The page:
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1908

Here's the Hamilton as seen in the 1908 catalog. It's a perfect match to the model above and slightly different from the 1916 version. The dormers in the 1908 house are shed dormers, and in 1916, they were hipped. The front center window (second floor) has diamond muntins in 1908.

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So where are our Hamiltons? I don’t know, but I’d love to find out, and I’d love to have a photo!

To read more about Sears Homes, click here.

To read about the Sears Homes in Roanoke, click here.

To read the most recent blog, click here.

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Aladdin Shadowlawn in Concord, NC - And Now I Know WHERE!

December 27th, 2011 Sears Homes 1 comment

Last week, I published a blog about a beautiful Aladdin Shadowlawn I found in Concord, NC.  At the time, I couldn’t find the address. My addresses are stored in notebooks, and they’re not in any particular order. Retrieving an address from a trip made long ago can be pretty challenging.

However, once the hoopla of Christmas had settled a bit in the Thornton Home, I went looking for that address in Concord. And I found it! This Aladdin Shadowlawn is on Grove Street.

BTW, when I was in Concord, I was on my way to another North Carolina city, so I didn’t do a “proper” and extensive survey of Concord, but I do remember finding some other Aladdin kit homes there, including, an Aladdin Pomona, and an Aladdin Sheffield, and this Aladdin Shadowlawn (see below).

It’s not surprising that this part of North Carolina is so loaded with kit homes, because Aladdin had a major mill in Wilmington, NC. In fact, Roanoke Rapids has one of the largest collections (and most impressive collections) of Aladdins in the country! It’s worth the trip, I promise!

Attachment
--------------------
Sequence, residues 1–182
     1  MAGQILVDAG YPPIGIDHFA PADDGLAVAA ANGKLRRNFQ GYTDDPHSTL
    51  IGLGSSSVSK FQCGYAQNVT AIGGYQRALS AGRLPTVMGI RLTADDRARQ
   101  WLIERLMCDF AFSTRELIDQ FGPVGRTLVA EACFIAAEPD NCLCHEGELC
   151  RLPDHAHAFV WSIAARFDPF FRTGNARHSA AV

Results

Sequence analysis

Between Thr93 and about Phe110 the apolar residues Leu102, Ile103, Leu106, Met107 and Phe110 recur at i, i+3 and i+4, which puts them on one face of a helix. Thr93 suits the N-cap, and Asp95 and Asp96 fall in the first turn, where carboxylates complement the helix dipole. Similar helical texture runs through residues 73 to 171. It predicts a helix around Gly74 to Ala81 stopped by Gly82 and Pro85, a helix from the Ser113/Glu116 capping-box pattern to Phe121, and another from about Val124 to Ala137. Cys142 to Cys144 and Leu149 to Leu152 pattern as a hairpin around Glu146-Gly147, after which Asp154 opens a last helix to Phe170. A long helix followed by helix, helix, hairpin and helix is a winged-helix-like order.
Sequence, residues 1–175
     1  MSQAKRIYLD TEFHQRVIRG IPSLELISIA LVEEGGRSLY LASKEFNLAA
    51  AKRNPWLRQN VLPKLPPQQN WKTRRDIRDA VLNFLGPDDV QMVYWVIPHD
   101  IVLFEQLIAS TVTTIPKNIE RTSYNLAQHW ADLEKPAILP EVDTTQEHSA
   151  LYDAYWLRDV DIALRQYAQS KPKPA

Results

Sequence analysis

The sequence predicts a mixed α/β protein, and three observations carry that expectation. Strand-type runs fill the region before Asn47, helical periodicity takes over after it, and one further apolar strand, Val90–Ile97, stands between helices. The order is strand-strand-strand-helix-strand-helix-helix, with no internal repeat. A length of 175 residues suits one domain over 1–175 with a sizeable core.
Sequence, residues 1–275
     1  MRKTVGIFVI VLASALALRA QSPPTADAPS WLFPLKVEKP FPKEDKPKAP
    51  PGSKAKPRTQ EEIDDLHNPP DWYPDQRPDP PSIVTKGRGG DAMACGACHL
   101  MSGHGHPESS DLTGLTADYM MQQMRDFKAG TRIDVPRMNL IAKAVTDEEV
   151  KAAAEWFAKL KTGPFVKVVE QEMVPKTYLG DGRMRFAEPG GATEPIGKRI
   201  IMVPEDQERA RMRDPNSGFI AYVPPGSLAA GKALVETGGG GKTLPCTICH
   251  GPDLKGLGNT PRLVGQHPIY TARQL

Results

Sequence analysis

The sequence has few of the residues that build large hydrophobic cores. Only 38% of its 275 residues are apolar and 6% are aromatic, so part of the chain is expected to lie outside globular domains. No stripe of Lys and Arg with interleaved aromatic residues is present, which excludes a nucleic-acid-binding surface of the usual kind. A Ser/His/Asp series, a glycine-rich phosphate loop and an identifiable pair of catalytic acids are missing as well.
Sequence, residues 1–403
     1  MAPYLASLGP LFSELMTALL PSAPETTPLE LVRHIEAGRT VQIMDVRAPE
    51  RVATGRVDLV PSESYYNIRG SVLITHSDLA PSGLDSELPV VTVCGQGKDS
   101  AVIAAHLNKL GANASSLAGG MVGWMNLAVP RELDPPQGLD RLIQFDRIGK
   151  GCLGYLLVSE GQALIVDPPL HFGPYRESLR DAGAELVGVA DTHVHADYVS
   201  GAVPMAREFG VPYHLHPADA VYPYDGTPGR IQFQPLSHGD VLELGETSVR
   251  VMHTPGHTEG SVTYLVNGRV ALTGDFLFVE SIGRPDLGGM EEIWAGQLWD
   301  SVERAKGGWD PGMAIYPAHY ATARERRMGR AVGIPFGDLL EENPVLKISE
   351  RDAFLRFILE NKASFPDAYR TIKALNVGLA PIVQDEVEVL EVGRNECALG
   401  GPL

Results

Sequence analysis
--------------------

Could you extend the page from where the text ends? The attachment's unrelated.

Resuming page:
Aladdin was one of six national mail-order companies that sold entire kit homes through their catalogs. The houses typically arrived by train in 12,000 pieces and came with a 75-page instruction book that told the homeowner how all those pieces and parts went together. Today, there are about 75,000 Aladdin kit homes in the country (compared with about 70,000 Sears Homes in the country).

While Sears is a more well-known name in the kit home business, Aladdin actually was around a lot longer. Sears started in 1908; Aladdin started in 1906!

In 1940, Sears called it quits, and closed their Modern Homes department. Aladdin continued to sell kit homes until 1981.

More than 90% of the people living in these historically significant homes didn’t realize what they had until I knocked on their door and told them! Aladdin Kit Homes were sold from 1906-1981. (Sears, by comparison, was out of business by 1940.)

To learn more about identifying kit homes, click here.

To learn about the Aladdin Homes in Rocky Mount, click here.

To learn more about the massive collection of Aladdin kit homes in Roanoke Rapids, click here.

The Aladdin Shadowlawn was a big, beautiful kit home, and theres a perfect Shadowlawn in Concord, NC.

The Aladdin Shadowlawn was a big, beautiful kit home, and there's a perfect Shadowlawn in Concord, NC. Image is from the 1919 catalog.

And here it is, a perfect Shadowlawn in Concord, but what is the address?

And here it is, a perfect Shadowlawn in Concord, but what is the address?

Somewhere in Concord, I think I saw a Plaza, too.

Somewhere in Concord, I think I saw a Plaza, too.

And an Aladdin Pomona.

And an Aladdin Pomona.

In Roanoke Rapids, NC, youll find this *perfect* Aladdin Pomona and the best part - it really is ON the railroad tracks!

In Roanoke Rapids, NC, you'll find this *perfect* Aladdin Pomona and the best part - it really is ON the railroad tracks! As I recall, there is a Pomona in Concord.

Aladdin

Aladdin offered some pretty fancy houses, too, such as this Aladdin Villa.

If you love kit homes, you have to visit Roanoke Rapids. It was a town built by Aladdin, and it was a wide variety of Aladdin ki

If you love kit homes, you have to visit Roanoke Rapids. It was a town built by Aladdin, and it was a wide variety of Aladdin kit homes, including this Aladdin Villa (Aladdin's biggest kit home).

Aladdin

Aladdin was a kit home company based in Bay City that sold more than 75,000 kit homes during their 75 years in the kit home business.

A

Aladdin was a large, impressive company and here in the Southeast, most of the kit homes that I've found are from Aladdin,

Aladdin also sold entire cities of their kit homes, and their mill was in Wilmington, which would explain why there are so many Aladdin kit homes in North Carolina.

Aladdin also sold entire cities of their kit homes, and one sterling example is Roanoke Rapids, NC. In that small town, we've found more than 60 Aladdin Kit Homes, including some of Aladdin's biggest and fanciest homes.